The Anderson County town of Starr may be small now with a population of fewer than 200 residents, but at one point it was a bustling hub of activity as a stop along the Charleston and Western Carolina Railway. The community was established during the late 1830s and originally called Twiggs. When the town was officially chartered in 1888, its name was changed to Starr in honor of railroad official Captain W.W. Starr.
Starr also flourished as an agricultural community, and stately homes built in the Starr countryside during the early twentieth century, such as Evergreen Plantation, reflect the success of local farmers. Farms such as Milky Way Farm continue find success in the Upstate community.
However, when South Carolina Highway 81 was developed in the mid-to-late the twentieth century, Starr saw the demise of its train depot and the commercial street now called Old Highway 81, where the former town hall and post office, seen at the top of this page, once greeted residents. Above and below, abandoned stores line the empty road. The building above served as a store established by Stephen E. Strickland. Strickland’s children acquired the business in 1894, and the mercantile was reborn as a grocery store. The building below was a service station owned by Mr. McDougald. (Many thanks to Kay Arnold Kirk for helping us identify this structure.)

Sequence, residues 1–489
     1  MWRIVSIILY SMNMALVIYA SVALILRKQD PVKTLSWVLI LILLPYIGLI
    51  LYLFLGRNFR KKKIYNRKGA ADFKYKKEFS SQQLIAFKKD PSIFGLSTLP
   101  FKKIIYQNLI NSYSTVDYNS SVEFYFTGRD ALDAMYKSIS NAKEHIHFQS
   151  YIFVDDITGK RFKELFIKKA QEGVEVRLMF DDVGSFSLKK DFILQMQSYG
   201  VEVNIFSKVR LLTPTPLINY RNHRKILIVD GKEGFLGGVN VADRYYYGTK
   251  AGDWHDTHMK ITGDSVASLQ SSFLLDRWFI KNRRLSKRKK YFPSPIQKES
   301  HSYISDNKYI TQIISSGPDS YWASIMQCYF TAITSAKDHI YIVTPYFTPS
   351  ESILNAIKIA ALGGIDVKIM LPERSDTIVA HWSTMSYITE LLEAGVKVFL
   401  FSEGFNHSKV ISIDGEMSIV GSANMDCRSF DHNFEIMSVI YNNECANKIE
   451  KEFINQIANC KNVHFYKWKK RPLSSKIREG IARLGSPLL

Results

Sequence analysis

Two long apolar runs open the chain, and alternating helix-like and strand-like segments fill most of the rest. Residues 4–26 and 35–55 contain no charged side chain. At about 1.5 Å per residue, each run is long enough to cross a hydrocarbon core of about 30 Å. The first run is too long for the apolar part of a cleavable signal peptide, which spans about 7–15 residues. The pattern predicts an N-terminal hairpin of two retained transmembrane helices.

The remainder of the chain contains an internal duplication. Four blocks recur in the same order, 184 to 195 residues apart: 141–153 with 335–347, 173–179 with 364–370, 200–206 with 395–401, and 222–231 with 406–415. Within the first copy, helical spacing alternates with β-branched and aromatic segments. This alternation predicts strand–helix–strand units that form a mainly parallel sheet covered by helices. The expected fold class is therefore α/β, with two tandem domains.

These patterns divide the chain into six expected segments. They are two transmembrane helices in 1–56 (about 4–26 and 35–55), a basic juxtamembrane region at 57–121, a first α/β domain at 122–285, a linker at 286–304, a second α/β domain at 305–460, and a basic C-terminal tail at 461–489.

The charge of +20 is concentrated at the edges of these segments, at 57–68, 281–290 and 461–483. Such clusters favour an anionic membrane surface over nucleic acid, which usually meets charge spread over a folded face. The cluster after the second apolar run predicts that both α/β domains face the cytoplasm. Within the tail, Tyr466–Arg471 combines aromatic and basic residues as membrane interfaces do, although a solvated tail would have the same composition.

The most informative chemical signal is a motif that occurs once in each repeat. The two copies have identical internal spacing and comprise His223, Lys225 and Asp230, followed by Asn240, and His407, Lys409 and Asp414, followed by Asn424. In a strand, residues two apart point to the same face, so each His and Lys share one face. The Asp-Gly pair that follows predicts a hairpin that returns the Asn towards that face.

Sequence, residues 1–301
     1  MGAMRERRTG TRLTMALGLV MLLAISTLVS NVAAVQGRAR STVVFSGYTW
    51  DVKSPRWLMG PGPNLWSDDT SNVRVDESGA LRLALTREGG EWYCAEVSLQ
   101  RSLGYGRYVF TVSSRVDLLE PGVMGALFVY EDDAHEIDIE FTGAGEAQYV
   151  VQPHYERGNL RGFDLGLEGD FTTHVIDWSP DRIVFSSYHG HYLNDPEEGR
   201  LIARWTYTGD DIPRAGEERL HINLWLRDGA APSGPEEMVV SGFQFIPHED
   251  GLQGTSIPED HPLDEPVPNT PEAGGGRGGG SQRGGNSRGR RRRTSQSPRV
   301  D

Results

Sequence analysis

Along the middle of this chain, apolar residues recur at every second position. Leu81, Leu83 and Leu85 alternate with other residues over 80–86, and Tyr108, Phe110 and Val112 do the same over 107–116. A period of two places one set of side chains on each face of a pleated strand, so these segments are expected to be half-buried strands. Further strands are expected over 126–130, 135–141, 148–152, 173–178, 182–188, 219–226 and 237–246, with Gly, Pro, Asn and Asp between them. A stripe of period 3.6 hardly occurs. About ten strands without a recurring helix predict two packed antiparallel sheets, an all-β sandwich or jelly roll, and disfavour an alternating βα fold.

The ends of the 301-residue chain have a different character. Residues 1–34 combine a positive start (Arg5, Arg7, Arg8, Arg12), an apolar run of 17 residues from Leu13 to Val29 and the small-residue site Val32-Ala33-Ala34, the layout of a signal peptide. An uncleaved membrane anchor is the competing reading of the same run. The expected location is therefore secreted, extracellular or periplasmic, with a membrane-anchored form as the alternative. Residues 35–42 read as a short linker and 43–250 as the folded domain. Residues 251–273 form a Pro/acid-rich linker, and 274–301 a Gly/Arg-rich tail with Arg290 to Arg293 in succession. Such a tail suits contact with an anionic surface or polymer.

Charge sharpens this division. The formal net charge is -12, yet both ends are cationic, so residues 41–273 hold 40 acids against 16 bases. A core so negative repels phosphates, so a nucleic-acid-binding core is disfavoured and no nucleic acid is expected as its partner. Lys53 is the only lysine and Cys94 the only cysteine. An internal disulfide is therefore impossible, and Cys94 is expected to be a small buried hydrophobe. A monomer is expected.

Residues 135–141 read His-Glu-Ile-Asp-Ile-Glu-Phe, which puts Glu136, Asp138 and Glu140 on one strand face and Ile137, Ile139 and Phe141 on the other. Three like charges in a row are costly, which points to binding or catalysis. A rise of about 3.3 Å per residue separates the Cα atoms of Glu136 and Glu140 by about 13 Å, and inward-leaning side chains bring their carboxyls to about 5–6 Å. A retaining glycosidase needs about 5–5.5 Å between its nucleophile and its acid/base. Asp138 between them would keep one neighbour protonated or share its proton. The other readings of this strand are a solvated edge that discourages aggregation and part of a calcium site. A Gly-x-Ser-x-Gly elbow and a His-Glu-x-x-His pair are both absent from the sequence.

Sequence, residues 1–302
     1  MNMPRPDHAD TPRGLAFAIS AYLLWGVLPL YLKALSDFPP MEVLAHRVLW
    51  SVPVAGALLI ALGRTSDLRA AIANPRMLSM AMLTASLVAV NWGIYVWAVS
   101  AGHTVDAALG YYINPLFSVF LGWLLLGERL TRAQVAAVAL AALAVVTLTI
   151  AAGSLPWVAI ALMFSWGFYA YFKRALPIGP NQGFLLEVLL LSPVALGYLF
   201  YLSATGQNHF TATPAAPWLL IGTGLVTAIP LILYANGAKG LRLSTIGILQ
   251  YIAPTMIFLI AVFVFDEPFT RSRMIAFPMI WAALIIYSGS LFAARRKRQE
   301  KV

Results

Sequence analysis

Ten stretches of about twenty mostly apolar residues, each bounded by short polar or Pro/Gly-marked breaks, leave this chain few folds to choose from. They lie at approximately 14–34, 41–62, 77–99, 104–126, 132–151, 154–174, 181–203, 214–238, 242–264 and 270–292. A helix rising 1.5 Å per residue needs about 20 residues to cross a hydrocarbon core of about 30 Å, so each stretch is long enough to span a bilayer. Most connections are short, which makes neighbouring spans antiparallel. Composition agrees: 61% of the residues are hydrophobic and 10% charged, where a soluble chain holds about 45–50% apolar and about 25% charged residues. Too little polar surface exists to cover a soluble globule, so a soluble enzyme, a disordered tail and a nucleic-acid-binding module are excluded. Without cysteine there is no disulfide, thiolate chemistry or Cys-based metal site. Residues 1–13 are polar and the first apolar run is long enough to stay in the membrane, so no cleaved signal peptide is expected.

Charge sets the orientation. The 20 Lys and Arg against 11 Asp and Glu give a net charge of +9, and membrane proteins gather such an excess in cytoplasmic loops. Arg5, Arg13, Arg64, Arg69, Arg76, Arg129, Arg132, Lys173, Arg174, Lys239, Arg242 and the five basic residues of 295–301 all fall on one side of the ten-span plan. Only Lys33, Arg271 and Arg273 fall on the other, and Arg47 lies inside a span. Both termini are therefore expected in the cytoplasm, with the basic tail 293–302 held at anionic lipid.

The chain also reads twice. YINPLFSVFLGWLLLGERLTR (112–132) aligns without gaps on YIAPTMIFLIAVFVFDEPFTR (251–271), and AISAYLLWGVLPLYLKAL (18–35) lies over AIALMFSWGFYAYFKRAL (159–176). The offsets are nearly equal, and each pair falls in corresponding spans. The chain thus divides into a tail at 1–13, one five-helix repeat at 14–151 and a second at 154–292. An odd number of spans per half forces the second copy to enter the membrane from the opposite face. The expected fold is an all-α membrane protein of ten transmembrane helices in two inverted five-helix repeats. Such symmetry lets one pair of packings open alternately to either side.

One of the most beloved landmarks in Starr is the Old Shiloh School, a rapidly disintegrating one-room schoolhouse located in a cow field. Another image of Strickland Grocery Store can be seen below, the store opened in 1894 and closed its doors in 1947.